“All that I am, or hope to be, I owe to my angel mother.”
I will be spending a motherless Mother’s Day Sunday for the first time. My mother passed away in January just shy of her 95th birthday. She departed this world exactly as she occupied it — quietly, with dignity and kindness and expressing more concern about being a burden to her four children than she was with her own health and needs.
Mom will be with me in spirit Sunday, and if I start feeling sorry for myself I’ll hear her voice lovingly reminding me to ‘stop crying and moping around or else she’ll give me something to really cry about’.
The other mother in my life is spending a week near Boulder, CO with our 2-year-old grandson while young Owen’s mom and dad are spending a well-deserved week in Hawaii. I don’t know who was more excited about this week — Owen or his grandmother Wendy. It’s not at all surprising that Wendy is turning out to be a great grandmother. I, on the other hand, found the experience somewhat daunting at first. Were my own kids really ever that small and vulnerable? Am I holding the child correctly? Do all kids really poop this much?
Luckily for me, my son Adam and my daughter-in-law Heather had the foresight to provide me with a little gem of a book when Owen was born called How to be the Perfect
Grandfather by Bryna Nelson Paston. Let’s side aside for now the troubling fact that the author of a book on being a perfect grandfather was written by a grandmother; good advice is good advice no matter where it comes from.
The Perfect Grandfather book includes a number of amusing grandfather-related anecdotes as well as lots of tips that ought to be self-evident but weren’t — at least not to me — such as “Don’t take you grandson fishing if he hates fishing”, and “Show up for everything and always bring plenty of napkins”, and “Pretend you don’t know who your grandchild is on Halloween.”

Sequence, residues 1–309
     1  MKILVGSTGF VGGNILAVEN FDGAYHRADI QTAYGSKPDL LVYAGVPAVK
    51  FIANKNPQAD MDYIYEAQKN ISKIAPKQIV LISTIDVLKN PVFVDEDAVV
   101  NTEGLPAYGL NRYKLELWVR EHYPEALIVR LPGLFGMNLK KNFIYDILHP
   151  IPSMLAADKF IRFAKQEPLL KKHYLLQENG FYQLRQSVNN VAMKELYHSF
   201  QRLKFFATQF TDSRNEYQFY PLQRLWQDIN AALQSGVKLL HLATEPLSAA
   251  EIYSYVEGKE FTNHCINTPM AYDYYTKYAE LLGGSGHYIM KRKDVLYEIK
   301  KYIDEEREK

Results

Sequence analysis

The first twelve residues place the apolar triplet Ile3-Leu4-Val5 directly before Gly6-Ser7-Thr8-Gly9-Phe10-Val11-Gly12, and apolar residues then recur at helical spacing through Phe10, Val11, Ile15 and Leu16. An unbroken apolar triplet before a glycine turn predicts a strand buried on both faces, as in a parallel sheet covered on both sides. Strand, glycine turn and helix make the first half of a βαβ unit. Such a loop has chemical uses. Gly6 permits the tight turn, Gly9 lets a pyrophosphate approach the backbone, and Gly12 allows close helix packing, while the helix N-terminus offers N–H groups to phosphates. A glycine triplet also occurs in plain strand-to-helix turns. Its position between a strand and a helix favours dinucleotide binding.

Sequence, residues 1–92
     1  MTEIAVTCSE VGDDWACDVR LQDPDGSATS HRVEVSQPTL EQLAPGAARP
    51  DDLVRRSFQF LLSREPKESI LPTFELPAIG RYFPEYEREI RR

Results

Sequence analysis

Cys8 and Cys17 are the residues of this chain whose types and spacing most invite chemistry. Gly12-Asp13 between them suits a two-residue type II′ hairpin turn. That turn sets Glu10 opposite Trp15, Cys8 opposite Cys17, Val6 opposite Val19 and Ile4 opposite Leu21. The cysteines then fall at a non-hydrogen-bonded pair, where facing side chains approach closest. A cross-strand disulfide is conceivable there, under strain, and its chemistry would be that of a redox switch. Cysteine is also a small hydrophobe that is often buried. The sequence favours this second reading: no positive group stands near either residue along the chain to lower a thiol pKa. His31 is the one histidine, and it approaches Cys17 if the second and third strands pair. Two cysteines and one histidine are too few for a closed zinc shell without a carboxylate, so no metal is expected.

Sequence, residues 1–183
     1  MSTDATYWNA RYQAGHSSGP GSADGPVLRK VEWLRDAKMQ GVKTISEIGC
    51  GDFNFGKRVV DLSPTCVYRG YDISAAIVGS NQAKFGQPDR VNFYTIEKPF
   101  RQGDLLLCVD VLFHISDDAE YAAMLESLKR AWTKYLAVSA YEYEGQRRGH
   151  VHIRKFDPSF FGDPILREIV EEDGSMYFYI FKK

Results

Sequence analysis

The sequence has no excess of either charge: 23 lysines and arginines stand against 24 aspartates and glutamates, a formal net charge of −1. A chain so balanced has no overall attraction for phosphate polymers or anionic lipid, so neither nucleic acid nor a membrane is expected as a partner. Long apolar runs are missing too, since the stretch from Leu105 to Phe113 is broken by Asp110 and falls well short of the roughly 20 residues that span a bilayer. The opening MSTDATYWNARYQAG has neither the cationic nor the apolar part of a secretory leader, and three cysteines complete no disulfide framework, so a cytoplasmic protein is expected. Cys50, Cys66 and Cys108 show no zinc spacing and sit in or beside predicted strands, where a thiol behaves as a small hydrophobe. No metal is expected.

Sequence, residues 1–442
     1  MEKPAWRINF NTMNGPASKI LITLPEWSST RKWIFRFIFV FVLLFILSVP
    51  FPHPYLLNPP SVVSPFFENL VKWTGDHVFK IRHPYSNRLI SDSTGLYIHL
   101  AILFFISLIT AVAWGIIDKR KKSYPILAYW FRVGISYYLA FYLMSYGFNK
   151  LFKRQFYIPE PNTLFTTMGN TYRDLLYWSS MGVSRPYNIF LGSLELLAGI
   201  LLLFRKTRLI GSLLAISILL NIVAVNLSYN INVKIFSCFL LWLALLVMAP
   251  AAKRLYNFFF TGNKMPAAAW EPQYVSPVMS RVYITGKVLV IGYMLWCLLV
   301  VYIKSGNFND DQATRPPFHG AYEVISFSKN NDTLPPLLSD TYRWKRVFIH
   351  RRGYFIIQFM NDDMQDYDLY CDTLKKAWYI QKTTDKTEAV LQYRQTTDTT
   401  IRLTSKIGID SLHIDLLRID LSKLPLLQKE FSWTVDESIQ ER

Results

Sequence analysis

It also includes a number grandfather-related quotes from eminent social scientists such as Woody Allen (“I’m very proud of my grandfather’s gold watch. On his death bed, he sold it to me”), and Steven Wright (“When I was little, my grandfather made me stand in a closet for five minutes without moving. He said it was elevator practice.”)
The book includes things that no grandfather should attempt to do with his grandchild such as shopping, trying out new hairdos, or anything related to make-up. A good grandpa should always have an answer to questions such as: Which came first, the chicken or the egg? And: Why does a pound of feathers weigh the same as a pound of peanut butter? And: Why isn’t there such a thing as a grandmother’s clock?
But my favorite part the book is a reminder that the secret to having a positive impact on your grandchild is to hand out to them love and kindness like it was last year’s Halloween candy and do everything you can to demonstrate to them respect, trust, truth, courage, wisdom, generosity and humility. In that spirit, I’ll embrace this upcoming Saturday. And I won’t actually be alone since I’ve been in charge of the dog and all five chickens for the week, which sort of makes me a mother to all of them. I hope they appreciate that when I have them all join me in the house for a Mother’s Day lunch together on Sunday.
My grandfather book’s final piece of advice to us new grandfathers is keep calm, laugh a lot, make memories, don’t take yourself too seriously, and always keep grandma’s cell phone number on your speed dial. Happy Mother’s day to anyone out there who is a mother, has had a mother or has played the role of a mother to someone else.
Tom Tyner writes a weekly humor column for this newspaper.